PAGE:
In his mid-40s, Charles Carroll, a letter carrier in Shrewsbury, Mass., started taking anti-inflammatory medicine for his achy knees. Despite his young age, osteoarthritis had begun to settle in.
Over the next decade, the pain became so bad that at times he had difficulty walking. Eventually, he began skipping lunch because standing up afterward was too painful.
“My knees would snap like dry wood when I got up in the morning,” said Carroll, describing the sound of bone grating on bone.
So last year, at the age of 54, Carroll underwent his first knee replacement. He will receive his second replacement in December.
It is becoming a familiar story. While the number of annual knee replacements has doubled in the last decade, the number in people under age 65 has nearly tripled.
Experts have puzzled over this surgical trend. Some attributed it to aging baby boomers trying too hard to maintain active, weekend-warrior lifestyles. Other researchers blamed it on aggressive marketing of the procedures.
Now figures from a new national database of knee replacement patients strongly suggest that obesity is the most likely reason for these surgeries in younger patients.
For Carroll, who was 6-foot-3 and 284 pounds before his procedure, obesity was likely a factor in his knee problems.
Experts generally agree that obesity increases the risk of osteoarthritis, the leading cause of knee replacement surgery. Yet most of the data in support of this association have come from Medicare, which largely covers older patients.
“Unfortunately, it's not surprising that people getting knee replacement are overweight,” said Dr. Patricia Franklin, principal investigator of the new database and director of clinical outcomes research at the University of Massachusetts Medical School.
“But we were surprised that the younger population wasn't healthier and that they didn't have the profile of healthy active adults.”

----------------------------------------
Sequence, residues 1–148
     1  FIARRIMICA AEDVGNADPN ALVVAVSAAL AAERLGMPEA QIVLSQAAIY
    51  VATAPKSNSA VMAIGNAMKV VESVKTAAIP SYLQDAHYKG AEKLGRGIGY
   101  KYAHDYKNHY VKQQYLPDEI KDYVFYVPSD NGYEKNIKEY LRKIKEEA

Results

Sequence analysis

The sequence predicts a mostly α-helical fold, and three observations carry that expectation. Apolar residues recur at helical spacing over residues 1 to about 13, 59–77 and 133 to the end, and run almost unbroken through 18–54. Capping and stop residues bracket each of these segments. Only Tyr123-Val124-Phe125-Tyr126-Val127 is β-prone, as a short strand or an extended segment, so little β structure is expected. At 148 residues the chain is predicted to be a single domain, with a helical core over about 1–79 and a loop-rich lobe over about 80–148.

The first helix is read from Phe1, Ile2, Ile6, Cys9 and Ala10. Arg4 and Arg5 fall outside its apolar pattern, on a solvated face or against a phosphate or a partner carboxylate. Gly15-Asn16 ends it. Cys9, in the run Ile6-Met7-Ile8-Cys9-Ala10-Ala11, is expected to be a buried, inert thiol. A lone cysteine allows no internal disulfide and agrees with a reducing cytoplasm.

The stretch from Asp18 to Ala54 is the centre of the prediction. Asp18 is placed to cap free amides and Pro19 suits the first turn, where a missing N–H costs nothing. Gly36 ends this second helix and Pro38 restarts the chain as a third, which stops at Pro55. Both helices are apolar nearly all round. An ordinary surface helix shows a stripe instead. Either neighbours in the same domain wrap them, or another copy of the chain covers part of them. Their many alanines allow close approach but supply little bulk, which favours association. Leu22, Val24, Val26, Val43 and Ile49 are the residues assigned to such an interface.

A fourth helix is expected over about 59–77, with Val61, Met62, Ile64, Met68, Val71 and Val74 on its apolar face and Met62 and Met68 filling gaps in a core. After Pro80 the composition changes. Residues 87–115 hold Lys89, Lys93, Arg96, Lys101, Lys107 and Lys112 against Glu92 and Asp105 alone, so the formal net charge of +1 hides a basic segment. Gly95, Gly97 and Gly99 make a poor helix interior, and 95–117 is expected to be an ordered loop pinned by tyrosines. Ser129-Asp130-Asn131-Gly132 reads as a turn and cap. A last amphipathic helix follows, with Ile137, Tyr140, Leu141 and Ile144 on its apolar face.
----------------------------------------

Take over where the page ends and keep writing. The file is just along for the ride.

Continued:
The new database collects data on total joint replacement surgeries from more than 125 orthopedic surgeons in 22 states.
A recent analysis of the data found that younger patients were more likely to be obese than older patients.
“The average BMI in those patients under 65 is 33, which makes them obese, and that means that half of them are even heavier than that,” said Franklin.
Experts had wondered whether younger patients were opting for surgery prematurely to preserve an active lifestyle.
“Many people assume that younger patients have less pain and better function than older patients, that they're doing it earlier in their disease process,” said Dr. David Ayers, a co-author of the study and chairman of orthopedic surgery at the University of Massachusetts Medical School.
The data also showed that younger patients had the same levels of disability from their knee pain before the surgery as did older patients. Younger patients were equally likely to have other serious medical conditions such as diabetes and pulmonary disease as their older counterparts and were more likely to smoke.
“It's not a fit weekend warrior who has had a sports injury,” said Ayers. “These younger patients have significant pain and very severe functional limitations at the time of their total knee replacement surgery. They're heavier and they're sicker.”
The number of total knee replacements more than doubled in the past decade, from 313,618 in 2001 to 644,243 in 2011, according to national data.
In patients between the ages of 45 and 64, the number jumped to about 274,000 from 102,000 in that decade. Younger people now make up 43 percent of all knee replacement patients, about an 11 percent increase in the last 10 years.